House of Lebanon Organization, Inc. v. House of Pacific Relations International Cottages, Inc. et al, No. 3:2017cv00232 - Document 18 (S.D. Cal. 2017)

Court Description: ORDER granting in part and denying in part 7 Motion to Dismiss. Counts 1, 5, 6, 7 are dismissed without prejudice. Counts 2, 3, 4, 8, and 9 may proceed. Signed by Judge M. James Lorenz on 6/1/2017. (sjt)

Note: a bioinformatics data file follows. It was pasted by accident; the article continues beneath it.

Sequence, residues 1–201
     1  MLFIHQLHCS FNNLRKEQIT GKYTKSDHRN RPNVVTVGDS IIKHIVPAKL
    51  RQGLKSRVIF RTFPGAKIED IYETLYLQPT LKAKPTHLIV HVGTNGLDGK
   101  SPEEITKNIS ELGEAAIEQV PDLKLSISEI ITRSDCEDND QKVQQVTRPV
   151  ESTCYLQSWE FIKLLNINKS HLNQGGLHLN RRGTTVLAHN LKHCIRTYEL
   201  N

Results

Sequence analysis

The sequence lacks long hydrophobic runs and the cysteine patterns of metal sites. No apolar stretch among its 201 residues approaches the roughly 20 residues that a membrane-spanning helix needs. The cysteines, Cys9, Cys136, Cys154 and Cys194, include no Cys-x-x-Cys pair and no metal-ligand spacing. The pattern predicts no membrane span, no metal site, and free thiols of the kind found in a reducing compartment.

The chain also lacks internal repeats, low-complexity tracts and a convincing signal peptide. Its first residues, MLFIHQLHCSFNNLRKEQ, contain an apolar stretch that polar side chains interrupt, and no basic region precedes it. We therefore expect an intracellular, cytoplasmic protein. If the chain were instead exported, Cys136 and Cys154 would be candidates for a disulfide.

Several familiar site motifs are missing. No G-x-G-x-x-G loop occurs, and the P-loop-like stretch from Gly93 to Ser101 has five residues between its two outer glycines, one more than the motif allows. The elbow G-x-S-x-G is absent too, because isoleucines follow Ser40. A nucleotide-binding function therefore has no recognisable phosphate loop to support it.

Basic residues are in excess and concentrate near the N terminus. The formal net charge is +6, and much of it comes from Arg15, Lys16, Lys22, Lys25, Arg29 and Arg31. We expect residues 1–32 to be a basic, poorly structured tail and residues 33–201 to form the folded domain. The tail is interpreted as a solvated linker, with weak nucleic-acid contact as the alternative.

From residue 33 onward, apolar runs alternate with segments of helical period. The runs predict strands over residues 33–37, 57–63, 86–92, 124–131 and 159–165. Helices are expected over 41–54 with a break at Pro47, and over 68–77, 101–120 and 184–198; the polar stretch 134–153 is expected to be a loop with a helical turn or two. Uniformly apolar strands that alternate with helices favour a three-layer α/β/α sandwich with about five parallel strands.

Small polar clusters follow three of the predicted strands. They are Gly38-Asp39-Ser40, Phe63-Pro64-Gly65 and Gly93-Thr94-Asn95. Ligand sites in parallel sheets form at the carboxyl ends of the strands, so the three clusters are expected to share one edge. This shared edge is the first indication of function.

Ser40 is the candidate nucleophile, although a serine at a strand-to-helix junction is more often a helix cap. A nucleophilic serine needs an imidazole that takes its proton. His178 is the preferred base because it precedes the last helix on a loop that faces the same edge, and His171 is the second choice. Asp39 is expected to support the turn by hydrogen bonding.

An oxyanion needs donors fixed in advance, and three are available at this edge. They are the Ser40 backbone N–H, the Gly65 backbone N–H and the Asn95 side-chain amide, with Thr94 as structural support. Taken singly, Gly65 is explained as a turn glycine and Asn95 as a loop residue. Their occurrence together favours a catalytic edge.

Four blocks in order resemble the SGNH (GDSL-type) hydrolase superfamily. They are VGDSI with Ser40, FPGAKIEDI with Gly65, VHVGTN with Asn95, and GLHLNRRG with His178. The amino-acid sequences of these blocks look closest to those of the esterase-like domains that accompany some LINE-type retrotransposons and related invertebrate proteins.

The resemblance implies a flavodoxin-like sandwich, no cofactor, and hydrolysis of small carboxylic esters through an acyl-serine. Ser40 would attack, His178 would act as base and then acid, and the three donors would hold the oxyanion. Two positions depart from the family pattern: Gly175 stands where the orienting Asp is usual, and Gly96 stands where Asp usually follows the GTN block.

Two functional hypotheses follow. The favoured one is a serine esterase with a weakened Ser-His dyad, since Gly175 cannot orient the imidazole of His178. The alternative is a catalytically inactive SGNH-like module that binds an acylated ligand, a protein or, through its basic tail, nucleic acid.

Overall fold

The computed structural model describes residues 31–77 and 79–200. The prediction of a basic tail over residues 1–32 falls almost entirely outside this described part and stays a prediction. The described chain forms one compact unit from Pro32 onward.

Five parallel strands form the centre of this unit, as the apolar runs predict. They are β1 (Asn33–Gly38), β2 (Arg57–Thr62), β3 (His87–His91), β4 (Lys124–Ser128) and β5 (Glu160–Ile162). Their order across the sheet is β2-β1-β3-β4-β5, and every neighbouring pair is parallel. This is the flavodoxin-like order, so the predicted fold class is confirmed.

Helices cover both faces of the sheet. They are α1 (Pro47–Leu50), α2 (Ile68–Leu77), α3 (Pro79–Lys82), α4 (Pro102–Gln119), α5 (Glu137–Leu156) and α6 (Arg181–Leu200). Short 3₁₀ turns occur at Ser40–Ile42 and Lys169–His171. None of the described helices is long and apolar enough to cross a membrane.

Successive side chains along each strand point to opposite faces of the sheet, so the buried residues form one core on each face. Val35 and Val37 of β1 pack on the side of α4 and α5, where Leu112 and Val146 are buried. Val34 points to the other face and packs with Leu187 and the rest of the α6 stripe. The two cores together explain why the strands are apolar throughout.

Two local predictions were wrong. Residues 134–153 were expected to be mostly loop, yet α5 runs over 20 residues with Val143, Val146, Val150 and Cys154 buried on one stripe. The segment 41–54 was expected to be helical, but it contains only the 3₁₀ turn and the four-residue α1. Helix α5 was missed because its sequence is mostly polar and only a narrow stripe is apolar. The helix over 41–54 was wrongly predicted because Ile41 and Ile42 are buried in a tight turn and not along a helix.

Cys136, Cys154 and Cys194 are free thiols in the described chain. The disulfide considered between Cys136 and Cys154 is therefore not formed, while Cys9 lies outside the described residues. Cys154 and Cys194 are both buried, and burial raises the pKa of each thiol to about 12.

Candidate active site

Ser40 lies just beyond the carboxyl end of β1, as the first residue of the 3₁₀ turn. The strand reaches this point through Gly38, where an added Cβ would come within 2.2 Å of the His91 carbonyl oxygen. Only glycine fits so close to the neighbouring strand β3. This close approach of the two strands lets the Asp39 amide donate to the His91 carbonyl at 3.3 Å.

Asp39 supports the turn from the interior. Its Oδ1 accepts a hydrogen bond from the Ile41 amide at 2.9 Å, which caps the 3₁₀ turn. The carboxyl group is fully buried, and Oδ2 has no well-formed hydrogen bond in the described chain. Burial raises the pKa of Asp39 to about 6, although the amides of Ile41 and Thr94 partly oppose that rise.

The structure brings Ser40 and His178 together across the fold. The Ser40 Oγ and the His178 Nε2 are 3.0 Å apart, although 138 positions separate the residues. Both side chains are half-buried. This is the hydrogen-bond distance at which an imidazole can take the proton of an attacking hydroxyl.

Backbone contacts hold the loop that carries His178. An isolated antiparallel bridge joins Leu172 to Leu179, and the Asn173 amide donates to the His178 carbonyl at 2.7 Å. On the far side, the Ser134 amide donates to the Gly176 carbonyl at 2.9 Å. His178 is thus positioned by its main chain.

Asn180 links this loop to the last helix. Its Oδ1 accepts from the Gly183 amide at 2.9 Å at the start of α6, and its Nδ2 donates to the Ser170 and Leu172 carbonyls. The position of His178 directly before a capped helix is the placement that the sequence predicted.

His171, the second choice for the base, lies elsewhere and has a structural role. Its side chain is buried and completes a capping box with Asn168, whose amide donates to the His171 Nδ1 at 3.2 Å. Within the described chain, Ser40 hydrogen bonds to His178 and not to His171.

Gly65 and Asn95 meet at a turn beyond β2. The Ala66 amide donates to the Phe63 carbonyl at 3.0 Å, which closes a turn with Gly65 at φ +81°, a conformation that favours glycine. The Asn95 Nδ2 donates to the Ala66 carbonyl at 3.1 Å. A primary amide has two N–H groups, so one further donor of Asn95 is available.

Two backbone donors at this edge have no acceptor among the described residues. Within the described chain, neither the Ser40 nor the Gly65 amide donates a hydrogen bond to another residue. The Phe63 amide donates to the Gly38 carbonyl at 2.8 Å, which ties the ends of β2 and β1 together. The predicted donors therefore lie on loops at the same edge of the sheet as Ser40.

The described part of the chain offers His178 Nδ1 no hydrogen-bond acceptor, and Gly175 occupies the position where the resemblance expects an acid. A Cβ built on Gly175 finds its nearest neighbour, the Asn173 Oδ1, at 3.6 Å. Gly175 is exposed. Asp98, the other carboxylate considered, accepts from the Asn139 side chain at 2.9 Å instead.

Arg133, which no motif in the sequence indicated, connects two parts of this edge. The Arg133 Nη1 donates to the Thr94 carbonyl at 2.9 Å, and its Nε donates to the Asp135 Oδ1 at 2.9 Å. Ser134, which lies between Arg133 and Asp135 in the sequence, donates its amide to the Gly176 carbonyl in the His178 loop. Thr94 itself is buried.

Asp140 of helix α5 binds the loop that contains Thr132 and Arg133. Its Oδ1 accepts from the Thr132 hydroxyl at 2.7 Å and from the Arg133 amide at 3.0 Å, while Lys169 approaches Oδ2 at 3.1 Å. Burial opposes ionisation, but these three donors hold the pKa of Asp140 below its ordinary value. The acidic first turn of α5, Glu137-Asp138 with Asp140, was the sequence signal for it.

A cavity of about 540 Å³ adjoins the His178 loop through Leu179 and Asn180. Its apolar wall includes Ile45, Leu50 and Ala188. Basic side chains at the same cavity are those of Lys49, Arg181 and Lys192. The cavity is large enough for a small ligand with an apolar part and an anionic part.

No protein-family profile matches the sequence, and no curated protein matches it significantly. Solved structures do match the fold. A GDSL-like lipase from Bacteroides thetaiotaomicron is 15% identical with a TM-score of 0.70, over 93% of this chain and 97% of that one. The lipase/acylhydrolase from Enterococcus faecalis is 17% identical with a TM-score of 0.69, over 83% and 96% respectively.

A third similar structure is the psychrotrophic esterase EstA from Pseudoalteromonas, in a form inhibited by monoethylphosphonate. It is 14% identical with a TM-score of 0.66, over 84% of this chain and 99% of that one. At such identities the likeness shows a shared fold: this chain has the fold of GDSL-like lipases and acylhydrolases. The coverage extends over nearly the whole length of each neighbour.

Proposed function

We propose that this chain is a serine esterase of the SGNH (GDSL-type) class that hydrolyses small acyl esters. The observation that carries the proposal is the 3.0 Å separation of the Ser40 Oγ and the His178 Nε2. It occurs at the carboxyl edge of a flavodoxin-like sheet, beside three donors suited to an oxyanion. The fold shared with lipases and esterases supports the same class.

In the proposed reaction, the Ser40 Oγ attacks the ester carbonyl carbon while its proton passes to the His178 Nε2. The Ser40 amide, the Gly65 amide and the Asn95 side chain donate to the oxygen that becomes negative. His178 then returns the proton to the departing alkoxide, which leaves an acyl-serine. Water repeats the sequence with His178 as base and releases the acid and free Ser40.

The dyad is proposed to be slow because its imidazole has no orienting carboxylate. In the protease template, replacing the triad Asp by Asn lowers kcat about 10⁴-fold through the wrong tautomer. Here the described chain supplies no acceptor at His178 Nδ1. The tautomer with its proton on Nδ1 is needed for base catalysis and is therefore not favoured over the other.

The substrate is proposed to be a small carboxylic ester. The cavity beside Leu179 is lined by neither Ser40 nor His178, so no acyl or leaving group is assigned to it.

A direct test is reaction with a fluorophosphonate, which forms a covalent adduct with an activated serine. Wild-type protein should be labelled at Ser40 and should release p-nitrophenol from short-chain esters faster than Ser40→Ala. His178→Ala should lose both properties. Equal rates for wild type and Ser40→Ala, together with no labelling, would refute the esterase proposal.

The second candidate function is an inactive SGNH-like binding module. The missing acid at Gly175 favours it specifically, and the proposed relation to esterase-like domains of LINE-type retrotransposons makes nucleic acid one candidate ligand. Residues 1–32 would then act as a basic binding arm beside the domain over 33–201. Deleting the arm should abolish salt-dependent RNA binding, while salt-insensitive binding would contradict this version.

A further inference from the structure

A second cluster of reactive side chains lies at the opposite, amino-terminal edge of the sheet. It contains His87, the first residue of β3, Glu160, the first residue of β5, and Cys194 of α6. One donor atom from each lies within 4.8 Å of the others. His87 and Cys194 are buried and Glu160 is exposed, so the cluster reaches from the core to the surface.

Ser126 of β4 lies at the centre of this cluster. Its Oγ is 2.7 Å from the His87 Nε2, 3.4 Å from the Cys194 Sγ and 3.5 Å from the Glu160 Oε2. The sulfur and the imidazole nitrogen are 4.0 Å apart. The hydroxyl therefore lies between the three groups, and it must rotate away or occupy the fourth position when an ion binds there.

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1 2 3 4 5 6 7 8 UNITED STATES DISTRICT COURT 9 SOUTHERN DISTRICT OF CALIFORNIA 10 11 12 HOUSE OF LEBANON ORGANIZATION, INC., 15 16 ORDER GRANTING IN PART AND DENYING IN PART DEFENDANTS’ MOTION [Doc. 7] TO DISMISS Plaintiff, 13 14 Case No.: 3:17-cv-00232-L-BGS v. HOUSE OF PACIFIC RELATIONS INTERNATIONAL COTTAGES. INC., et al., Defendants. 17 18 Pending before the Court is Defendants’1 motion to dismiss Plaintiff House of 19 20 Lebanon’s (“Plaintiff”) first amended complaint. The Court decides the matter on the 21 papers submitted and without oral argument. See Civ. L. R. 7.1(d.1). For the reasons 22 stated below, the Court GRANTS IN PART and DENIES IN PART Defendants’ 23 motion. 24 // 25 26 1 27 28 The defendants in this action are House of Pacific Relations International Cottages, Inc.; New International Cottages, Inc.; the City of San Diego; The House of Mexico; House of India, Inc.; House of Turkey; House of Palestine; House of Peru; House of Panama; The House of the Philippines, Inc.; and House of Korea, Inc. 1 3:17-cv-00232-L-BGS 1 I. 2 BACKGROUND This case arises out of a dispute involving a project to construct new cottages in 3 Balboa Park. The cottages at issue are run by non-profit organizations with an aim 4 toward educating the public about the culture of various foreign countries. Each cottage, 5 it seems, is to be operated by a member of Defendant House of Pacific Relations 6 International Cottages (“HPR”). Plaintiff is a member of HPR. Along with eight other 7 HPR members, all of whom are defendants2 in this action, Plaintiff sought to occupy one 8 of nine cottages to be constructed in a proposed HPR expansion project (the “Project”) in 9 Balboa Park. 10 In its effort to gain inclusion into the Project, Plaintiff (1) organized as a non-profit 11 entity; (2) became a member of HPR; (3) paid HPR over $34,000; and (4) prepared 12 paperwork for presentation to the City of San Diego, the San Diego Planning 13 Commission, and the Balboa Park Committee. Furthermore, some or all of the 14 defendants in this case represented to Plaintiff that they would permit Plaintiff to 15 participate in the Project. In reliance upon these representations made by unspecified 16 defendants, Plaintiff communicated its support of the project to the San Diego City 17 Council. Subsequently, City Council approved the project, but Defendants excluded 18 Plaintiff from participating in the Project. 19 Accordingly, Plaintiff filed an amended complaint in the Superior Court of 20 California, County of San Diego, alleging (1) discrimination in violation of 42 U.S.C. § 21 1981; (2) a right to declaratory relief; (3) breach of contract; (4) breach of the implied 22 covenant of good faith and fair dealing; (5) ultra vires action; (6) fraud; (7) negligent 23 misrepresentation; (8) a right to an inspection and accounting; and (9) violation of 24 California Business and Professions Code § 17200. (See FAC [Doc. 1-2].) Defendants 25 removed to this Court and now move to dismiss under Fed. R. Civ. P. 12(b)(6). (See 26 27 2 28 These defendants are House of Mexico; House of India; House of Turkey; House of Palestine; House of Peru; House of Panama; House of the Philippines; and House of Korea. 2 3:17-cv-00232-L-BGS 1 Rem. Not. [Doc. 1]; MTD [Doc. 7]; Joinder [Doc. 8].) Plaintiff opposes. (See Opp’n 2 [Doc. 11].) 3 4 II. 5 LEGAL STANDARD The court must dismiss a cause of action for failure to state a claim upon which 6 relief can be granted. Fed. R. Civ. P. 12(b)(6). A motion to dismiss under Rule 12(b)(6) 7 tests the complaint’s sufficiency. See N. Star Int’l v. Ariz. Corp. Comm’n., 720 F.2d 578, 8 581 (9th Cir. 1983). The court must assume the truth of all factual allegations and 9 “construe them in the light most favorable to [the nonmoving party].” Gompper v. VISX, 10 Inc., 298 F.3d 893, 895 (9th Cir. 2002); see also Walleri v. Fed. Home Loan Bank of 11 Seattle, 83 F.2d 1575, 1580 (9th Cir. 1996). As the Supreme Court explained, “[w]hile a complaint attacked by a Rule 12(b)(6) 12 13 motion to dismiss does not need detailed factual allegations, a plaintiff’s obligation to 14 provide the ‘grounds’ of his ‘entitlement to relief’ requires more than labels and 15 conclusions, and a formulaic recitation of the elements of a cause of action will not do.” 16 Bell Atl. Corp. v. Twombly, 127 S.Ct. 1955, 1964-65 (2007) (internal citations and 17 quotation marks omitted). Instead, the allegation in the complaint “must be enough to 18 raise a right to relief above the speculative level.” Id. at 1965. A complaint may be 19 dismissed as a matter of law either for lack of a cognizable legal theory or for insufficient 20 facts under a cognizable theory. Robertson v. Dean Witter Reynolds, Inc., 749 F.2d 530, 21 534 (9th Cir. 1984). 22 23 24 25 26 27 28 III. COUNT 1 Count 1 of Plaintiff’s Amended Complaint alleges a violation of 42 U.S.C. § 1981. § 1981 provides that All persons within the jurisdiction of the United States shall have the same right in every State and Territory to make and enforce contracts, to sue, be parties, give evidence, and to the full and equal benefit of all laws and proceedings for the security of persons and property as is enjoyed by white 3 3:17-cv-00232-L-BGS 1 citizens, and shall be subject to like punishment, pains, penalties, taxes, licenses, and exactions of every kind, and to no other. 2 3 42 U.S.C. § 1981(a). The Supreme Court has articulated that § 1981 forbids only racial 4 discrimination in the making of contracts. Saint Francis College v. Al-Khazraji, 481 U.S. 5 604, 609 (1987). § 1981 does not prohibit discrimination on the basis of national origin 6 in the making of contracts. Id. at 613. Here, Plaintiff explicitly bases its § 1981 claim on 7 national origin discrimination. (FAC ¶ 29). Indeed, the Amended Complaint does not 8 even state the racial ancestry of Plaintiff’s members. Nor does it allege how any 9 discrimination it suffered was based on the race of its members. Accordingly, the Court 10 GRANTS WITHOUT PREJUDICE Defendants’ motion as to the § 1981 claim. 11 12 IV. COUNTS 2, 3, & 4 13 Defendants argue that Plaintiff has failed to state a claim for breach of contract. 14 Specifically, Defendants argue Plaintiff has not alleged the exact terms of any alleged 15 contract; the names of the parties who executed the contract; when and how the parties 16 executed the contract; or any precise facts about how Defendants breached the contract. 17 For these reasons, Defendants contend Plaintiff’s allegations do not raise the breach of 18 contract claim to the level of plausibility. 19 The Court disagrees. Federal Rule of Civil Procedure 8(a) requires only that 20 Plaintiff provide “a short and plain statement of the claim showing that the [Plaintiff] is 21 entitled to relief.” Fed. R. Civ. P. 8(a)(2). A Plaintiff meets this standard so long as its 22 allegations “raise the right to relief above the speculative level.” Twombly, 127 S.Ct. at 23 1964–65. Here, Plaintiff alleges that it entered into an agreement with Defendants such 24 that, in return for Plaintiff’s support of the effort to obtain City Council’s approval of the 25 Project, Defendant would allow Plaintiff to occupy one of the Project’s cottages.3 (FAC 26 27 The Court notes that Plaintiff’s use of the word “interest” in reference to the project clearly refers to occupying one of the new cottages. (See FAC ¶¶ 1–4.) 3 28 4 3:17-cv-00232-L-BGS 1 ¶¶ 3–5, 8, 9, 35.) Further, Plaintiff alleges that, notwithstanding its support of the 2 Project, Defendants wrongfully denied Plaintiff from participating. (Id. ¶ 10.) 3 Construing these allegations as true, the Court finds them sufficient to plausibly allege a 4 breach of contract. To the extent Defendants desire more specificity regarding the details 5 of the contract’s terms and execution, they may seek them in discovery. Defendants’ arguments for dismissal of the breach of the implied covenant of good 6 7 faith and fair dealing claim and the declaratory relief claim are unpersuasive for similar 8 reasons. Specifically, Defendants only argument for dismissal of the breach of the 9 implied covenant of good faith and fair dealing claim is that, to sustain such a claim, a 10 plaintiff must properly allege the existence of a contract. Thus, Defendants argue, 11 because Plaintiff has not properly alleged the existence of a contract, the Court must 12 dismiss the implied covenant claim. Having concluded Plaintiff has in fact properly 13 alleged the existence of a contract, Defendant’s implied covenant argument necessarily 14 fails. Plaintiff’s claim for declaratory relief seeks a declaration from this Court regarding 15 16 the nature of Plaintiff’s interest in the Project. Defendants argue for dismissal of this 17 claim on the grounds that Plaintiff fails to identify any “interest” to which it might 18 plausibly be entitled. This argument fails because, as discussed above in connection with 19 the breach of contract claim, Plaintiff has plausibly alleged that it might be entitled to 20 occupy one of the cottages that the Project will produce. For these reasons, the Court 21 DENIES Defendants’ motion as to Counts 2, 3, and 4. 22 23 24 V. COUNT 5 Plaintiff’s fifth cause of action alleges that Defendants other than the City of San 25 Diego took actions against Plaintiff that are invalid as ultra vires. (FAC ¶¶ 46–49.) Ultra 26 vires conduct is conduct that is “beyond the purpose or power of the corporation.” 27 McDermott v. Bear Film Co., 219 Cal. App. 2d 607, 610–11 (1963). Here, Plaintiff has 28 failed to allege either (1) the scope of activity permitted by any of the Defendants’ 5 3:17-cv-00232-L-BGS 1 articles, bylaws, or other corporate documents or (2) what actions Defendants’ took that 2 allegedly exceeded this corporate authority. Accordingly, the Court finds Plaintiff has 3 failed to plausibly allege that Defendants’ engaged in ultra vires conduct and GRANTS 4 WITHOUT PREJUDICE Defendants’ motion as to Count 5. 5 6 VI. COUNTS 6 & 7 Plaintiff’s sixth and seventh causes of action allege fraud and negligent 7 8 misrepresentation. The heightened pleading standards of Federal Rule of Civil Procedure 9 9(b) apply to both claims. Fed. R. Civ. P. 9(b); Puri v. Khalsa, 2017 WL 66621 *6–7 10 (9th Cir. 2017). Rule 9(b) provides that, “[i]n alleging fraud or mistake, a party must 11 state with particularity the circumstances constituting fraud or mistake.” Fed. R. Civ. P. 12 9(b). To satisfy Rule 9(b), “a plaintiff must set forth more than the neutral facts 13 necessary to identify the transaction.” In re GlenFed, Inc. Sec. Litig., 42 F.3d 1541, 1548 14 (9th Cir. 1994). A plaintiff must state the who, what, when, where, and how of the 15 alleged misrepresentation. Vess v. Ciba-Geigy Corp. USA, 317 F.3d 1097, 1106 (9th Cir. 16 2003). 17 Here, Plaintiff alleges that on November 14, 2016, Defendants misrepresented to 18 Camil Saab and Sam Abed (representatives of Plaintiff) that “Defendants would fully 19 recognize and allow House of Lebanon’s interest in the Project and its membership 20 interest.” (FAC ¶ 8.) While this allegation identifies the misrepresentation, when it was 21 made, and which of Plaintiffs representatives it was made to, it does not identify which 22 Defendants made it. Where, as here, a plaintiff alleges fraud against multiple defendants, 23 Rule 9(b) requires a plaintiff to “differentiate their allegations” so as to “inform each 24 defendant separately of the allegations surrounding his alleged participation in the fraud.” 25 Swartz v. KPMG LLP, 476 F.3d 756, 764–65 (9th Cir. 2007). Plaintiff’s failure to do so 26 is fatal to its sixth and seventh causes of action. Accordingly, the Court GRANTS 27 WITHOUT PREJUDICE Defendants’ motion as to these causes of action. 28 // 6 3:17-cv-00232-L-BGS 1 2 VII. COUNT 8 Plaintiff’s eighth cause of action seeks an inspection and accounting. Plaintiff 3 alleges that “[b]y reason of its membership interest and the over $34,000 it has paid to 4 Defendants, Plaintiff is entitled to inspect the records of Defendants, and Plaintiff is 5 entitled to an accounting.” (FAC ¶ 65.) Defendants seek dismissal of the inspection and 6 accounting claim on the grounds that (1) Plaintiff has not alleged it is owed any money 7 by Defendant and (2) if Plaintiff is owed money, the sum is certain at $34,000 and 8 therefore no accounting is necessary. 9 Defendants’ arguments are unpersuasive. Plaintiff has properly alleged a breach of 10 contract claim and explicitly seeks damages according to proof. (FAC 10:23.) 11 Furthermore, Defendants claim that any damage sum is certain at $34,000 ignores the 12 fact that Plaintiff alleges it has paid Defendants an unknown some of money that is 13 greater than $34,000. (Id. ¶ 5.) Accordingly, the Court DENIES Defendants’ motion to 14 dismiss the eighth cause of action. As to the extent and nature of discovery Plaintiff may 15 take via inspection and accounting, the parties may seek guidance from Magistrate Judge 16 Bernard G. Skomal. 17 18 19 VIII. COUNT 9 Plaintiff’s ninth cause of action alleges unlawful business activity in violation of 20 California Business and Professions Code § 17200 (the “UCL”). The UCL prohibits 21 unfair competition. “Unfair competition” includes any business act or practice that is 22 “unlawful, unfair or fraudulent…” Cal. Bus. & Prof. Code § 17200. To sustain a claim 23 under the unlawful prong of the UCL, a Plaintiff need only allege that a defendant 24 violated any law, whether state or federal, civil or criminal, or whether based in statute, 25 regulation, or common law. Saunders v. Superior Court, 27 Cal. App. 4th 832, 838–39 26 (1994). Here, the Court has already held that Plaintiff has adequately alleged that 27 Defendants violated the California common law prohibiting breach of contract. Because 28 7 3:17-cv-00232-L-BGS 1 Plaintiff has thus properly alleged unlawful activity, the Court DENIES Defendants’ 2 motion to dismiss the ninth cause of action. 3 4 5 6 IX. CONCLUSION & ORDER For the foregoing reasons, the Court GRANTS IN PART and DENIES IN PART Defendants’ motion as follows: 7 Counts 1, 5, 6, 7 are dismissed without prejudice. 8 Counts 2, 3, 4, 8, and 9 may proceed. 9 10 IT IS SO ORDERED. 11 12 Dated: June 1, 2017 13 14 15 16 17 18 19 20 21 22 23 24 25 26 27 28 8 3:17-cv-00232-L-BGS